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german_quant

New Member
Hi folks,

Mailing from Europe. I'm currently considering whether it isn't time to look for something else. I like my company and my team but I don't agree with the decisions I have to do for work and fear that my quantitative skills will vanish. It is already some work to refresh seemingly basic concepts so.. time for a change before I'm trapped?

I'm currently a risk quant at a Clearinghouse. We could have interesting topics but the strategy we are now switching to leaves little hope on my work getting more technical again.
I have a very good M.Sc. in Mathematics from a good german University and did my thesis in a world-wide top 20 university for Mathematics.


I'm applying now and it looks a little bit less promising than hoped. In Germany there is not much happening in the quant finance space (in comparison to London or the US) and the situation is getting worse with Brexit and the US making it harder for foreigners. I could try in Switzerland or Amsterdam but to be honest, I'm 30, I don't want to grind mental math in my free time just to get past a minimal score in an application process. Tried that, worked somewhat and passed those stages once or twice but keeping that level passable eats up enough time.

Desk quant positions seem to dry up a bit and my C++ is not strong enough I think because I honestly never really cared about it, i think there are equally fast and more interesting languages to program in so I did the basics and skipped then because I wasn't applying for dev positions - looking at the last 7 years I focussed on actual programming in Python (beyond 'import pandas as pd'....) so that is difficult. I would like to leave risk but I wouldn't say it would be terrible to stay within risk. I did already turn down a quant developer position with a bulge bracket in switzerland because the salary wouldn't match too.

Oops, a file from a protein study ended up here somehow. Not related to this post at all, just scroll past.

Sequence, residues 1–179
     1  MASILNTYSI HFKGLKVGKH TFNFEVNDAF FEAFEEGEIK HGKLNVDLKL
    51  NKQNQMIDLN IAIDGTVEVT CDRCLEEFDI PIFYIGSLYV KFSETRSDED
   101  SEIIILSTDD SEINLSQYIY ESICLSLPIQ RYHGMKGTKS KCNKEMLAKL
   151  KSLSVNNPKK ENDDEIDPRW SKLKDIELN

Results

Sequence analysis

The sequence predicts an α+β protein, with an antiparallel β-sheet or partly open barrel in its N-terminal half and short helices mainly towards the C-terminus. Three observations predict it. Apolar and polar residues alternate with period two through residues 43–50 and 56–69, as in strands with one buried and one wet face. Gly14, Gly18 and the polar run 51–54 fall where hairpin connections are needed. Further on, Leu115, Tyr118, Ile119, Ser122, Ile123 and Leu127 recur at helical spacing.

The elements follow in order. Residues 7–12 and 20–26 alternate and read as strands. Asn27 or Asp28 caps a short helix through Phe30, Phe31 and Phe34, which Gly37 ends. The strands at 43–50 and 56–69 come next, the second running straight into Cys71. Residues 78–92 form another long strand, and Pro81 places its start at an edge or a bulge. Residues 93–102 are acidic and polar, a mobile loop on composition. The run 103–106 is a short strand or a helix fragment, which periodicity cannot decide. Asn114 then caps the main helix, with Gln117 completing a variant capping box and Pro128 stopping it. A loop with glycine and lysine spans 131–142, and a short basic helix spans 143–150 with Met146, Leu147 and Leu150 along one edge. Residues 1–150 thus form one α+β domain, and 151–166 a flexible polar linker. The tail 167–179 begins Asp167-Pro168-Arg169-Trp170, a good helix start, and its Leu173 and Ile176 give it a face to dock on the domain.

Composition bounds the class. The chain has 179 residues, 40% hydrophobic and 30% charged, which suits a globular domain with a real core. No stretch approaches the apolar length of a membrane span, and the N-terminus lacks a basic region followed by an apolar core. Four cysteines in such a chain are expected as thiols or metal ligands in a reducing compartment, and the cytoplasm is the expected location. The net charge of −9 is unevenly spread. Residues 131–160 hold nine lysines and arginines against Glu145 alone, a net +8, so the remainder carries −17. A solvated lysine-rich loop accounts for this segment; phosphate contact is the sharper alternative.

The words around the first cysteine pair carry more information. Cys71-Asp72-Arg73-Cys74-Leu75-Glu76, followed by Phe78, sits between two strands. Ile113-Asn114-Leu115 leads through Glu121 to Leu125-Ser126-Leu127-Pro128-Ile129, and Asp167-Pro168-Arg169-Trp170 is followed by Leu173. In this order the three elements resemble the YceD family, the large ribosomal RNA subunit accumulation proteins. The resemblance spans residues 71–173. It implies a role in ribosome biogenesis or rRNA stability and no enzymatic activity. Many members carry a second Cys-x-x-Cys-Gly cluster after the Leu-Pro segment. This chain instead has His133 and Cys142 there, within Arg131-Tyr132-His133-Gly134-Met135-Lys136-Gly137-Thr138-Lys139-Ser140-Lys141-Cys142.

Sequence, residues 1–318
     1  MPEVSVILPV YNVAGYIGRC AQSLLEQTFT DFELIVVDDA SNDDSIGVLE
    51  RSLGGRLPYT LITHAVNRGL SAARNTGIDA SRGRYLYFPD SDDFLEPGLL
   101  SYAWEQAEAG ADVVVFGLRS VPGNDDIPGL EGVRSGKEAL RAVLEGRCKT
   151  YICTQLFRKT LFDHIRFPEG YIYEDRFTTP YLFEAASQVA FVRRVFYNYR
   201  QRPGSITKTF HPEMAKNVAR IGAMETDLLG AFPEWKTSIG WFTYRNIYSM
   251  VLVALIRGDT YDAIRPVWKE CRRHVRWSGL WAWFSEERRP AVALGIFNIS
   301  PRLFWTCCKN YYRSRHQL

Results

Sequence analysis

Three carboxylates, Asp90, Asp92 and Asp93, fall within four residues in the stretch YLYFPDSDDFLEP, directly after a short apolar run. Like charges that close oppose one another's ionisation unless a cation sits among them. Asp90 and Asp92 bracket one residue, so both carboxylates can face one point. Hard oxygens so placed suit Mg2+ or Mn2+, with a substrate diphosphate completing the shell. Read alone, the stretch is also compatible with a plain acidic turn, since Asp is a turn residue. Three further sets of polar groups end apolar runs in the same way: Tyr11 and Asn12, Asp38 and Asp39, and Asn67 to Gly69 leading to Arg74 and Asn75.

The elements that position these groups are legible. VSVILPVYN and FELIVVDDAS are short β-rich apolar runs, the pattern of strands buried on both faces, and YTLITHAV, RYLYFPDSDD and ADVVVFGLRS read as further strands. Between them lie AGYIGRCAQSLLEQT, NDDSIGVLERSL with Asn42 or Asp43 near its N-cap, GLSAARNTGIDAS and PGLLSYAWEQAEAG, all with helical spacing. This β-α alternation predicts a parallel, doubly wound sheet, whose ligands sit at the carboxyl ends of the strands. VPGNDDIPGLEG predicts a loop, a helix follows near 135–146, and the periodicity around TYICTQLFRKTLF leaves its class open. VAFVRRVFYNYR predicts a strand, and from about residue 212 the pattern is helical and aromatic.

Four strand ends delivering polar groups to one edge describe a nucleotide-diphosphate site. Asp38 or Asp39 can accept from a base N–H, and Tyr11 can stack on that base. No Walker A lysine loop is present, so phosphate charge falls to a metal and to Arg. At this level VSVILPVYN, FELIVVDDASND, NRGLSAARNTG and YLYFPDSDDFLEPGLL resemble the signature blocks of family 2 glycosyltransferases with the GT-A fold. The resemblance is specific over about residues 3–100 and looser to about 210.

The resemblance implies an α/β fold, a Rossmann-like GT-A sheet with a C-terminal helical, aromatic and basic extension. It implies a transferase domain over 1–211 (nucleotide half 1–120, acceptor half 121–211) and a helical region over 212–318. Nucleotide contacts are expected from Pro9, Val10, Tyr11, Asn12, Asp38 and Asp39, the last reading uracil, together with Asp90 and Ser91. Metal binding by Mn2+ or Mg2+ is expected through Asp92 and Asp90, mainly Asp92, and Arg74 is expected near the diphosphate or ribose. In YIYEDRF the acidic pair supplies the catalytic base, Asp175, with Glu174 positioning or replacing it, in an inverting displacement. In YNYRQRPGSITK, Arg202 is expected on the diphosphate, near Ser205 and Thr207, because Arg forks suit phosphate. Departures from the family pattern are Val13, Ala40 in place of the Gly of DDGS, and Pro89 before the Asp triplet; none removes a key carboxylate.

My current options are:
- join a small bank/private wealth mgmt firm and do some quant developer/portfolio stuff there. No derivatives exposure and potentially... boring?
- join a robo advisor that really wants me (30 people, not very well known, seems to perform well though). Could be cool, but I'm afraid that it is a downgrade in career progression
- join an energy provider as a quant. This could be cool, they do renewables and that's a topic I'm personally interested in. But I'm not sure how 'transferable' the things I would learn there are in the market if I ever wanted to join a bank for example. Let's say it's suspiciously easy to get interviews in that sector - but maybe I'm paranoid :)
- move to a larger bank but with less quantitative content or risk quant dev with the possibility to maybe lunch my way to an internal job switch to the front office..? But I don't know how often this happens tbh. In that time I would then focus on getting my C++ to a passable level.
- stay at my current employer, my boss loves me and the hours are awesome for what I'm paid, move to mgmgt in a year or two for maybe a little pay bump and forget about this quant nonsense more and more because oh boy do people not care about reasonable principles. Or at least not somewhere below the top hedge funds into which I will most likely not get because I haven't been successful in networking my way into there.
- stay, aknowledge to myself that I'm unhappy about how I'm asked to work and keep looking for another job.


Share your insights. The longer the answer, the better.